Adopting alternatives to our current paradigms is challenging, as the invisible hand of the system is tugging us back into line. It takes time and perseverance, but the benefits are ample. We uncover some alternatives and add more as we find them.


Originally money was a way to exchange goods and services and many alternatives are available.

Time Banking

Time Banking involves a network of people with a range of skills who offer goods and services. The Time Banking system records everyone’s efforts and this becomes a credit to effectively purchase some other skill you may need. It is effectively skill barter with the time being recorded. There are many Time Banking networks around New Zealand.

If you would like to set up a Time Bank there is a step-by-step guide here.

A good article about Time Banking

Mutual Credit

Mutual Credit is an alternative currency system where members have a ledger in the organisation and spend the currency with other members. The intention is to develop cash free trading economies. This excellent article:Reclaiming Credit Commons Towards Butterfly Society sets out the core conceptual ideas involved. We think there is vast potential for these philosophies to take hold in NZ. Watch this space!


Cryptocurrencies have only been around for 10 years and there are a lot of different types being explored. They use decentralised computers and encryption to provide security and all transactions occur online. They challenge the current banking system, and consequently banks worldwide are not recognising the use of them.


Community Exchange information site and info site
Community Exchange   trading software

Herald Article : Meet the ‘green dollar’ society


The earth is hugely energy abundant, and the energy potential around us is largely under utilised. Financial prerogatives and outdated approaches to energy generation and distribution have led to New Zealand working on a system where electricity generation is centralised (mostly in the form of South Island hydro lakes), and then transmitted expensively, inefficiently and vulnerably via the national grid. Furthermore these systems were built by taxpayers money, for public benefit, they were subsequently sold off and are now in private hands.


Since the deregulation and then privatisation of New Zealand’s electricity generation and transmission infrastructure in the 1980s and 90s, the inflation-adjusted cost to consumers of electricity has doubled. This is in stark contrast to the rest of the western world, where the experience over the past 30 years has been stable or significant drops in pricing. See a NZ Herald article examining the pricing of electricity.

Today there is an increase towards both “off grid” networks. This can be individual private residences as well as larger local community-based networks. This is mainly generated from solar, wind, biomass and geothermal and it avoids the costs and inefficiencies of long distance transmission. Here is a good wiki on these developments: Distributed Generation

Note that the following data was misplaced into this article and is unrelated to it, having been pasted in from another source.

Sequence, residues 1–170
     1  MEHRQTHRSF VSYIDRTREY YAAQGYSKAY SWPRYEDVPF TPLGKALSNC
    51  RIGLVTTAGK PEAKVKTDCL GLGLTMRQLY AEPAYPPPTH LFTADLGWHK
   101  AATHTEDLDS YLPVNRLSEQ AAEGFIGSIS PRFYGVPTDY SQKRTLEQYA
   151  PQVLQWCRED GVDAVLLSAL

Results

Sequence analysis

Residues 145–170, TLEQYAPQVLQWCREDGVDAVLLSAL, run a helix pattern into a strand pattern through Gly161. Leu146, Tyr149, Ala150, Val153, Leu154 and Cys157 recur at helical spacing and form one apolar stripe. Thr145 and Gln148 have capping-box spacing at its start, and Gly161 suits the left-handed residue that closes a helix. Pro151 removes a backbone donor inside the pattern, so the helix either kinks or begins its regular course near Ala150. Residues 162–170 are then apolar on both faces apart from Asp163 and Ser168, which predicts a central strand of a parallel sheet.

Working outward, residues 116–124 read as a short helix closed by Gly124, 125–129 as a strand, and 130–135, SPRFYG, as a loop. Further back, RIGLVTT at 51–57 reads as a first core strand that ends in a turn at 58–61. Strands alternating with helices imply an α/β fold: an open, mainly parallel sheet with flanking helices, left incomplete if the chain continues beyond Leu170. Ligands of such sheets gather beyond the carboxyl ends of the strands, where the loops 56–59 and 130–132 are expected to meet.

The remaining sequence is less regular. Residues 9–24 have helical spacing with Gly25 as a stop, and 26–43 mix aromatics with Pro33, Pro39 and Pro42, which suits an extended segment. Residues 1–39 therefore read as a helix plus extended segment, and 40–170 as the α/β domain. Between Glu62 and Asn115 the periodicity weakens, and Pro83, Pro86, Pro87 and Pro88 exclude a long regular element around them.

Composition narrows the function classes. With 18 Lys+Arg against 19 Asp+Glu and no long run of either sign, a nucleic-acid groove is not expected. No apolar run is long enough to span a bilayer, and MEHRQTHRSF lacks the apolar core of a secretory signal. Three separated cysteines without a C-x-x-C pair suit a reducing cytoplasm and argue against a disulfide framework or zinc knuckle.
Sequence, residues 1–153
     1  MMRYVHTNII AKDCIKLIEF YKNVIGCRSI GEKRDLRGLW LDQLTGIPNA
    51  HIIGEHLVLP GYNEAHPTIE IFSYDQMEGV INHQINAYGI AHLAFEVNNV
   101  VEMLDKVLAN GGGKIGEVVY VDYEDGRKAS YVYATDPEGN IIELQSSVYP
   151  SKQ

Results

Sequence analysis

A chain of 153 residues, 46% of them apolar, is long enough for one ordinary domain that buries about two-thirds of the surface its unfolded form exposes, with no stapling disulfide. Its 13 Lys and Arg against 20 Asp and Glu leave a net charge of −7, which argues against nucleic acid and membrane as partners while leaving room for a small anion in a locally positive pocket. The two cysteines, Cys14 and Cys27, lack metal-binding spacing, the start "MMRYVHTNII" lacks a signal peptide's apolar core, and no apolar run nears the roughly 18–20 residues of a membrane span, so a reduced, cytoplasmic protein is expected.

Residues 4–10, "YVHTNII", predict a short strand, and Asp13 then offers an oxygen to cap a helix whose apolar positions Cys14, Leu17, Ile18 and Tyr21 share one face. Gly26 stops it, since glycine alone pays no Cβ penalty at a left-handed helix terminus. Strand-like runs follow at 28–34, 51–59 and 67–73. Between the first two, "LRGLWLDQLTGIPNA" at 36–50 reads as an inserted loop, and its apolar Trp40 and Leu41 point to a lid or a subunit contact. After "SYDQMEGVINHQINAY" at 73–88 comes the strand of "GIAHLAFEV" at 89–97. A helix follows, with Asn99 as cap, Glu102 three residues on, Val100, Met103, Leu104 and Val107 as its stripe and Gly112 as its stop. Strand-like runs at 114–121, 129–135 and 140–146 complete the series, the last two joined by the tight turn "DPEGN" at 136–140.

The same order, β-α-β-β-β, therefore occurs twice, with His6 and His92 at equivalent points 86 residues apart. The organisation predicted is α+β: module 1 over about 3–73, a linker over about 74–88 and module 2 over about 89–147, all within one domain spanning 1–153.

In NZ, there are several websites which provide information about taking yourself “off grid”. We found this one particularly informative: Current Generation

Housing Alternatives

We all need a place to call home. In New Zealand we have a great diversity of people, yet not a wide range of options for different ways of living. We share alternatives to the usual paradigms of renting or buying a house, and creating nuclear family units. Here are some of the resources we have found on alternative living systems.


Co-Housing is an alternative community-based living system. It involves a group of “micro-housing” units where people have privately owned and controlled living/sleeping spaces which are built around centralised shared areas and facilities. There are a number of different ownership/occupancy models available, some of these are explored on sites such as Converge

Co-Housing Facebook page

There is also a fascinating thesis paper about the social benefits and challenges of co-housing: Alternative Communities in Aotearoa, New Zealand: The Cohousing Lifestyle

There are surprisingly few people creating community living, but it is starting to happen all around NZ. The excellent website Co-Housing sets out the current state of play with co-housing developments around NZ, updating where projects are established, and what is “in the pipeline”.

Tiny House Living

Tiny House living is another fast growing alternative living paradigm – take a look at these resources:

Living big in a tiny house

Tiny House New Zealand

You can find information about building a tiny house in NZ and see what others are building at Wee Make Change.

DIY House Building

To become sustainable requires conscientiousness. Follow the experts and adopt what suits you. Doing this will raise connections to your community, to the environment and to yourself. The process yields unexpected benefits as living by values of abundance benefits your world, as you know you have created no harm in far off places.

The illustration below shows how Time Banking works

Favourite Articles

The Guardian  

Finally, a breakthrough alternative to growth economics – the doughnut
George Monbiot

Stuff Will Harvie  Getting NZ Ready for Postcapitalism

Michel Bauwens: The Transition Will Not Be Smooth Sailing


A wonderful website with stories, resources about moving towards a world of shared resources Commons Transition

Workers not being exploited is a good start